This Land is Our Land

Sage Knight

On the Saturday after the summer solstice, on the Wright land in Malibu, two men, elders in the community, stand at the East gate of the Medicine Wheel. Their voices lead us in a simple song and the sound of their drums resounds over the mountains. During the song participants approach a pot of water and pour a ladleful onto the Wheel with a prayer that with the water, they are pouring out their burdens of pain, grief, and fear.

There are four pots of water, one at each cardinal direction. Approximately one hundred people are at the gathering this year, so fifteen minutes or more pass before everyone has had a chance to make an offering. Throughout this final portion of the ceremony, the community continues to sing, and the elders, their energy steady and strong, continue to drum.

I am standing at the West gate, facing the elders. I love seeing them and holding space with them. We gather on the Wheel only four times a year: at the solstices and equinoxes. With each gathering the elders are older. Miguel often reminds us that he will not always be here. Like the Earth, the wheel of time also turns. If we care about these ways and wish to pass them on, we must learn them.

Twice during the ceremony I hear talking behind me. Not a word or two of quiet remarks, but full conversations. After grappling with it for a moment, I stop singing, turn around and remind the women behind me that we are in ceremony, people are releasing grief and pain, and those who’ve poured are holding the space. I end with, “We need you.”

One woman looks at me with an expression which I translate as, “And who are you?”

I take a breath and turn back to the Wheel. When the last person has poured, the drumming and voices stop. The number of participants remaining at the Wheel has dwindled to a third of what it was when we began, and the profound silence usually following sacred song is missing. Instead, Miguel’s closing words are accompanied by a soundtrack of chatter from the deck below, from those who’d left the ceremony early for the potluck. I am angry. People! I think. This is not television!

I feel grave concern. If this is how folks act at a sacred gathering, what do they do when they leave the mountain? And, what about those who don’t come at all? I think of Miguel reminding us that seven generations ago, people stood here and prayed for us, and that it is our turn to reach back and pray for them and to reach forward for those to come. He defines a generation as one hundred years.

I join the group on the deck, share a plate of food with a newcomer, then go to my car and take out my frame drum, an instrument for which I have little skill but great love. I walk back up the hill to the Wheel. A thick mist covers the Land, bringing a welcome chill and obscuring the usually clear view of the ocean and Malibu below.

With slow steps I walk clockwise around the Wheel, circling it with a heartbeat, a song, a prayer. First, tender and grateful, then building in intensity and volume, releasing sound waves of ferocity into the fog. I allow my desire to protect this Land and these ways, along with my action of prayer, song, and movement, to transform my anger into forgiveness, strength and resolve. A few people approach and witness for a moment. No one speaks. They leave; I finish and then place my drum on the ground, leaning it against a bush.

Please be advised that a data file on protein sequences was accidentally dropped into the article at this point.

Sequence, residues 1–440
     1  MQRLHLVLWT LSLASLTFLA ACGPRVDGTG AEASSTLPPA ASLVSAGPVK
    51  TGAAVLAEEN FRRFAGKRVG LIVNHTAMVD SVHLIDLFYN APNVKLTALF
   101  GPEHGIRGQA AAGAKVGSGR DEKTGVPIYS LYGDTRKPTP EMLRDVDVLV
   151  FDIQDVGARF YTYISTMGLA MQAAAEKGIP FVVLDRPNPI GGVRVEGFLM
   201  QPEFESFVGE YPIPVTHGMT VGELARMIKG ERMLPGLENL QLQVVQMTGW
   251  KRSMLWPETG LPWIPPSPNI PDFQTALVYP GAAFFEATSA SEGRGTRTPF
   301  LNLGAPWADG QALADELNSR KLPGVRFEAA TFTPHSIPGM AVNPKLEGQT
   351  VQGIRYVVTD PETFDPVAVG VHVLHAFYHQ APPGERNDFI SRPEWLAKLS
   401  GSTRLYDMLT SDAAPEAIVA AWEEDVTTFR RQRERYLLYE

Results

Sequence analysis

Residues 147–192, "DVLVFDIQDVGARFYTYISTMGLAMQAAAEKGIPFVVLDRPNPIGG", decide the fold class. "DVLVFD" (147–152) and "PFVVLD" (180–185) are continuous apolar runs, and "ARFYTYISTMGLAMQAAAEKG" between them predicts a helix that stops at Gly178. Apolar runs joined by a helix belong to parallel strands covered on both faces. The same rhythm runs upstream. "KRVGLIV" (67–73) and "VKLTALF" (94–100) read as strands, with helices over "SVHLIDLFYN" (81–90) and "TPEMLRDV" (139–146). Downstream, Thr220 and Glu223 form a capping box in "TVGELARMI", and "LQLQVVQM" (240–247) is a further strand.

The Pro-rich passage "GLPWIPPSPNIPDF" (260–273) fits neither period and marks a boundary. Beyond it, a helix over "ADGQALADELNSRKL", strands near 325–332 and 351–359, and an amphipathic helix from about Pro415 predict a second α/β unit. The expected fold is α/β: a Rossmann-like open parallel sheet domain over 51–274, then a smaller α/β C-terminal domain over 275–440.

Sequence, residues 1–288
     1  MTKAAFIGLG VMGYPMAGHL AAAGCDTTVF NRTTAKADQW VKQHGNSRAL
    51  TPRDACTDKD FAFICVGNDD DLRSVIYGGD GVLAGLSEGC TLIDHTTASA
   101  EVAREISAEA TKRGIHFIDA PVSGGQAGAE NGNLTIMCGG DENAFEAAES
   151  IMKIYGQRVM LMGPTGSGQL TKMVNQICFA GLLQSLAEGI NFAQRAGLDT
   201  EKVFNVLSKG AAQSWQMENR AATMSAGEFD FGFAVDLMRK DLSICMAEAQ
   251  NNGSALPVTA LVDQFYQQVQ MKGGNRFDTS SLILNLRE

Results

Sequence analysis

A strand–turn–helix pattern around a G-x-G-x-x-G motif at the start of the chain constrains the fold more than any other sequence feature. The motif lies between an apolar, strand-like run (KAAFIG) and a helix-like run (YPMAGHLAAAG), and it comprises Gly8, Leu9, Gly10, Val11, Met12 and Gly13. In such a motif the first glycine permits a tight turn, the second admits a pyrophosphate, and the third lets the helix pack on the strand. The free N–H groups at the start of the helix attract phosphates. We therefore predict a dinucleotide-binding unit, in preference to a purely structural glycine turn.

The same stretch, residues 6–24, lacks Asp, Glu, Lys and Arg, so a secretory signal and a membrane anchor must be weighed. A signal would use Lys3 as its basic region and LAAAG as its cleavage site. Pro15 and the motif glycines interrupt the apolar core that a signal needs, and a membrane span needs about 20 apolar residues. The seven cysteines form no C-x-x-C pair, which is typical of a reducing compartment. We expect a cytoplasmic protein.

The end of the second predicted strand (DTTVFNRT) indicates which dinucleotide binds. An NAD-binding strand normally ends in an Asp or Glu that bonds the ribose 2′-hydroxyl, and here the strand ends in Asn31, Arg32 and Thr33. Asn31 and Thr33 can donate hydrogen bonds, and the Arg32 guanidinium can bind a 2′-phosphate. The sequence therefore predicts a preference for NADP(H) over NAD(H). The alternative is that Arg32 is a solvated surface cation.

I am filled with a sense of love I associate with my children or a soulmate: a mixture of tenderness, safety and wholeness. It is the Land. She is calling to my soul, reminding me that I am where I belong, doing what I came to do, and that we will always be one. I feel her welcome and embrace that I know will remain always.

I look at the Wheel. The pots of water are still there. I pick one up and pour its remaining water into a cluster of White Sage by the West gate, then another into shrubbery by the East, following suit until all of the pots are empty and stacked at the North gate. I then tuck my drum under one arm, carry the empty pots down to the deck and put them away.

In the same way that I belong to my children and they to me, the Land belongs to me and I to Her, because we love and care for each other. Different than ownership, this is law beyond entitlement and paperwork. Honoring this law and feeling a call to care is a luxury, a medicine and a gift: luxury, because I live in a disconnected culture which does not require that I care for the Land to receive my food; medicine, because love of Land heals meaninglessness, loneliness, and long nights of disconnection and imagined separation from self and God; and a gift, because it cannot be forced—it is a Grace. Once the awareness is here, its beauty is profound and undeniable.

While I felt pain and anger, I have no judgment on those who walked away from the ceremony. The problem is systemic. Sometimes the solution is individual, and simple. I trust that we can all find it ourselves, under the stars, in the dirt, at the ocean, in a song.

Who am I? I am one of many who listens, prays and cleans up a few pots and, in so doing, receives the miracle of coming home.

Sage Knight is a planetary local. She can be reached via www.SageKnight.com and would love to connect with you.

 

Sage Knight
Sage Knight

Sage is alive and well, living at Top o’Topanga with Shiloh, the Golden Retriever. Visit her at www.SageKnight.com.

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